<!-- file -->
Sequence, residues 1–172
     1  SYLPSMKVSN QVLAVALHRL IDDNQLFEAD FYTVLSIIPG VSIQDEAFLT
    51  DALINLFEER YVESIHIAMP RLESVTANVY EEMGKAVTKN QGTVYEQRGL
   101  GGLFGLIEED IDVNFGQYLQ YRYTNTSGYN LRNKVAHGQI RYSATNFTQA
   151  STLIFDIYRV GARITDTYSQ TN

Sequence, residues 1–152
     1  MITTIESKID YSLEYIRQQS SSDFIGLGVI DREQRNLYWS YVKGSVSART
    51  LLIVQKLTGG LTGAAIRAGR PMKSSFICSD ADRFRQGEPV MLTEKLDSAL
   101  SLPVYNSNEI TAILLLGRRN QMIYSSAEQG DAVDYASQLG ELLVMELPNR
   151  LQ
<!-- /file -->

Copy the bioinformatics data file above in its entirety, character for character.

Sequence, residues 1–172
     1  SYLPSMKVSN QVLAVALHRL IDDNQLFEAD FYTVLSIIPG VSIQDEAFLT
    51  DALINLFEER YVESIHIAMP RLESVTANVY EEMGKAVTKN QGTVYEQRGL
   101  GGLFGLIEED IDVNFGQYLQ YRYTNTSGYN LRNKVAHGQI RYSATNFTQA
   151  STLIFDIYRV GARITDTYSQ TN

Sequence, residues 1–152
     1  MITTIESKID YSLEYIRQQS SSDFIGLGVI DREQRNLYWS YVKGSVSART
    51  LLIVQKLTGG LTGAAIRAGR PMKSSFICSD ADRFRQGEPV MLTEKLDSAL
   101  SLPVYNSNEI TAILLLGRRN QMIYSSAEQG DAVDYASQLG ELLVMELPNR
   151  LQ